This post is brought to you by cranky old men everywhere.
Teens, put down your goddamn phones and look at the road. Stop changing tracks on Spotify, stop texting bae. Stop dancing with your friends and looking at stuff in your passenger seat. Please look at the road. You’re going to die.
Check out this two minute video from AAA:
Before you ask, yes, those are real in-car videos from crashes involving distracted teens. And yes, all of the kids in that video are incredibly lucky.
AAA has just concluded what they claim to be “the most comprehensive research ever conducted into crash videos of teen drivers.” What they found is that distracted driving among teens is much worse than they thought.
“Researchers analyzed the six seconds leading up to a crash in nearly 1,700 videos of teen drivers taken from in-vehicle event recorders. The results showed that distraction was a factor in 58 percent of all crashes studied, including 89 percent of road-departure crashes and 76 percent of rear-end crashes. NHTSA previously has estimated that distraction is a factor in only 14 percent of all teen driver crashes,” says AAA.
Now, all of those “distractions” aren’t cellphone related. About 12% are. But 6% of the crashes are caused by “reaching for an object” and 10% by “looking at something in the vehicle.”
Researchers found that drivers manipulating their cell phone (includes calling, texting or other uses), had their eyes off the road for an average of 4.1 out of the final six seconds leading up to a crash. The researchers also measured reaction times in rear-end crashes and found that teen drivers using a cell phone failed to react more than half of the time before the impact, meaning they crashed without braking or steering.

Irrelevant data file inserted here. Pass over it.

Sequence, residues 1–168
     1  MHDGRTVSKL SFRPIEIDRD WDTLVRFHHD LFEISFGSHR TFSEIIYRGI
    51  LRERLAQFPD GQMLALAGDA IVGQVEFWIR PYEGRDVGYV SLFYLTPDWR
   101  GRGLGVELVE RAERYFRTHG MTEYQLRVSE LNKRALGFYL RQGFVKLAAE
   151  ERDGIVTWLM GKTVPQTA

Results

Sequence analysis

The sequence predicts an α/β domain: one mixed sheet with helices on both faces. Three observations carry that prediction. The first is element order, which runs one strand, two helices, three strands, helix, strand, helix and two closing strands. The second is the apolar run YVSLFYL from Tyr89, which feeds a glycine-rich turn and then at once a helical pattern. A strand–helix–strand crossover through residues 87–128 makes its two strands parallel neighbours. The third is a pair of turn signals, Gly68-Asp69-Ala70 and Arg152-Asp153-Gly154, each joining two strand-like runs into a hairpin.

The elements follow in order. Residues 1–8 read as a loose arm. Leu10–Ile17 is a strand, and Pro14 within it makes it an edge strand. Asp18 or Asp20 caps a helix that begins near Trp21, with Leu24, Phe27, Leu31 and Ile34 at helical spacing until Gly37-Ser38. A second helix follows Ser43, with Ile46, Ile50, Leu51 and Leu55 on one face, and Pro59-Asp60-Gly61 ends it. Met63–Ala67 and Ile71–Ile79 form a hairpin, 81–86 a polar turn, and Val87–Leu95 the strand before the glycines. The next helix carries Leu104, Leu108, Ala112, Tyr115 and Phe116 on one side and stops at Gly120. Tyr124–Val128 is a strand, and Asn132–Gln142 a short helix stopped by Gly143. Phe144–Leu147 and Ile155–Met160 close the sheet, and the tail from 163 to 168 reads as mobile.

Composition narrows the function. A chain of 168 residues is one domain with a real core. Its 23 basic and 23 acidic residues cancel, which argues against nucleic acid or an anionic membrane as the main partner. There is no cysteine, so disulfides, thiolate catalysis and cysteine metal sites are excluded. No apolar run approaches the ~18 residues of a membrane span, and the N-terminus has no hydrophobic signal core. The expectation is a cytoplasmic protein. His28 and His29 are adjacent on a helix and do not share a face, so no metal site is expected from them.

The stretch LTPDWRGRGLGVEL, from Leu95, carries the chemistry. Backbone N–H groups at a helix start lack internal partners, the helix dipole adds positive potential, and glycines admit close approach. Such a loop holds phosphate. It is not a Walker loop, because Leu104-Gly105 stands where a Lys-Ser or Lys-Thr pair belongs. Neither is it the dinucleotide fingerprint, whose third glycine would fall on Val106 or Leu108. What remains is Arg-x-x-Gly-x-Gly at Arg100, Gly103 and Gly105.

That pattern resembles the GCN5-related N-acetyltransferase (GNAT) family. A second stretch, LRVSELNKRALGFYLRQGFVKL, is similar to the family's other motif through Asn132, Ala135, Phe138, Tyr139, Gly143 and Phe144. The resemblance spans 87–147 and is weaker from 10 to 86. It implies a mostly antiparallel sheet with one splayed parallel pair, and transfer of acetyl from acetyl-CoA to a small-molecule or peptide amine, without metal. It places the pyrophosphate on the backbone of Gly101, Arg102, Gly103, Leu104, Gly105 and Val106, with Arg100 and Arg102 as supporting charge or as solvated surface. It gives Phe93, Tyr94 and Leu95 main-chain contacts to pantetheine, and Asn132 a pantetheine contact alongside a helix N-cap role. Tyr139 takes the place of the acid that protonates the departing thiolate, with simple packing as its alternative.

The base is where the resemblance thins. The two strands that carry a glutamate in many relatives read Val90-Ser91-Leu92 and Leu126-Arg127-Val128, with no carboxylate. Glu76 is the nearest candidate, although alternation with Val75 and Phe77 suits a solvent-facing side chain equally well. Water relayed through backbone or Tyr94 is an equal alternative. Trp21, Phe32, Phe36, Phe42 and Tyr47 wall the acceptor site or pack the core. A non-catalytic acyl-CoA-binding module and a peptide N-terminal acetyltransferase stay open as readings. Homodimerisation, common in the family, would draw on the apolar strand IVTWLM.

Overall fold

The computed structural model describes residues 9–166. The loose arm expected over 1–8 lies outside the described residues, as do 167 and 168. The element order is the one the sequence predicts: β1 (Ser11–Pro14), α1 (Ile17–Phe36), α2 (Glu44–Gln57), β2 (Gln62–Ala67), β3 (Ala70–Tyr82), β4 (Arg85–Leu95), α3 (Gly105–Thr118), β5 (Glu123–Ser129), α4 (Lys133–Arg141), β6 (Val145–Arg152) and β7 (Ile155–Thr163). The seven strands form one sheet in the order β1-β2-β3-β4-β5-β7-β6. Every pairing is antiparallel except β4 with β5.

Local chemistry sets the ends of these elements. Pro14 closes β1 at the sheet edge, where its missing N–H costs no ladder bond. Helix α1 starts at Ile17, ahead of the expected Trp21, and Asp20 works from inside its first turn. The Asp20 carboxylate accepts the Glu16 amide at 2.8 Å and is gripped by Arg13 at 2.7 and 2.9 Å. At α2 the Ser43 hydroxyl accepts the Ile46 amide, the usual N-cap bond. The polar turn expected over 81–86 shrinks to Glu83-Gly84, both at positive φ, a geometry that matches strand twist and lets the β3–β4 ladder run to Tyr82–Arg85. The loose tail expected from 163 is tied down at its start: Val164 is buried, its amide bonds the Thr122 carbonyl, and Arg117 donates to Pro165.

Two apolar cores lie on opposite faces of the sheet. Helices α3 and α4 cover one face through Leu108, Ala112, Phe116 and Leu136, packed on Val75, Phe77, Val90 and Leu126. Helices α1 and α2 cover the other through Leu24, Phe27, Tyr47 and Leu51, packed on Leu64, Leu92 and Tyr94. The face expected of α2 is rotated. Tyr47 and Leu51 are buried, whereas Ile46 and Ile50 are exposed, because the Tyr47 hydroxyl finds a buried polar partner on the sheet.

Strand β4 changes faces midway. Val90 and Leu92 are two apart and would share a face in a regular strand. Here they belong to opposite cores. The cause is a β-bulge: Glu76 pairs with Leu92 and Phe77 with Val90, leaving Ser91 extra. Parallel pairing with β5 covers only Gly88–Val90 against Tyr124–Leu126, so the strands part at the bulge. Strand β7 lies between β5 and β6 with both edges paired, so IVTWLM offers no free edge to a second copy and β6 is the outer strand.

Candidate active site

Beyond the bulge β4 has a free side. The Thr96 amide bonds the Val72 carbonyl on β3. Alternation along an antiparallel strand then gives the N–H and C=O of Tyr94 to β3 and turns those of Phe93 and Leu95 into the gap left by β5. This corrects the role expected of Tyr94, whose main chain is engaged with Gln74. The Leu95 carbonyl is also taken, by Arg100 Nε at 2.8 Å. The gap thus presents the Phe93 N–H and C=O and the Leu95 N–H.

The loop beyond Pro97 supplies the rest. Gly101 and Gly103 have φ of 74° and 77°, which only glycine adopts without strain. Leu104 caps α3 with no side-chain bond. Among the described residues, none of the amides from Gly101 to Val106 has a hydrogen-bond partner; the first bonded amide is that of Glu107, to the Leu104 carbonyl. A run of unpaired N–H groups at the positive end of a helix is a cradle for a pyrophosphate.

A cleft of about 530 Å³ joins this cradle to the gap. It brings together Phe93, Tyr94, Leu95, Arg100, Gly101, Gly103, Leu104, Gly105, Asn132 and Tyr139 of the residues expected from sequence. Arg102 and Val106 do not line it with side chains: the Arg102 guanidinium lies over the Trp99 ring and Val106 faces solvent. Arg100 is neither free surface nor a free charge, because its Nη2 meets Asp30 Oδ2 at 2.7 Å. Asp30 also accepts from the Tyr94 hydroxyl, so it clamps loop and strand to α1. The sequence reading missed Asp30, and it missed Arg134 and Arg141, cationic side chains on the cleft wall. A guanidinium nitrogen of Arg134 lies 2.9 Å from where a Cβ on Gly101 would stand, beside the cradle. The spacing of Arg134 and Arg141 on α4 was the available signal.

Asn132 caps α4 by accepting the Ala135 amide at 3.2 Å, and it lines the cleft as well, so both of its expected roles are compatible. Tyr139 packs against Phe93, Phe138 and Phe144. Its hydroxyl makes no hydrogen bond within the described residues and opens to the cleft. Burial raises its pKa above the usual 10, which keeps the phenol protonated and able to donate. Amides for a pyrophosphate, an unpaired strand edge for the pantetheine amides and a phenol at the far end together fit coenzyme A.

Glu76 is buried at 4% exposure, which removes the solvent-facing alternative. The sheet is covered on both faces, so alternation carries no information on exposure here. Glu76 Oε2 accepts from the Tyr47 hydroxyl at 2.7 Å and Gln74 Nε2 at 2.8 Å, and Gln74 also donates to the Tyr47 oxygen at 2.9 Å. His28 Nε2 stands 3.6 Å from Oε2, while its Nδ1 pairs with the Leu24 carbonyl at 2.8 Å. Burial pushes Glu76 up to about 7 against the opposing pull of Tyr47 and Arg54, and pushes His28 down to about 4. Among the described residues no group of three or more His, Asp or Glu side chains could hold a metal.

Cranky old man* knows that adults text and drive, too. But cranky old man also knows that teens have the highest crash rate of any group of drivers on the road – 963,000 drivers aged 16 to 19 were involved in police-reported crashes in 2013.
“It is troubling that passengers and cell phones were the most common forms of distraction given that these factors can increase crash risks for teen drivers,” said AAA CEO Bob Darbelnet. “The situation is made worse by the fact that young drivers have spent less time behind the wheel and cannot draw upon their previous experience to manage unsafe conditions.”
Exactly. Your experience is weak.
*Person who was 19 nine years ago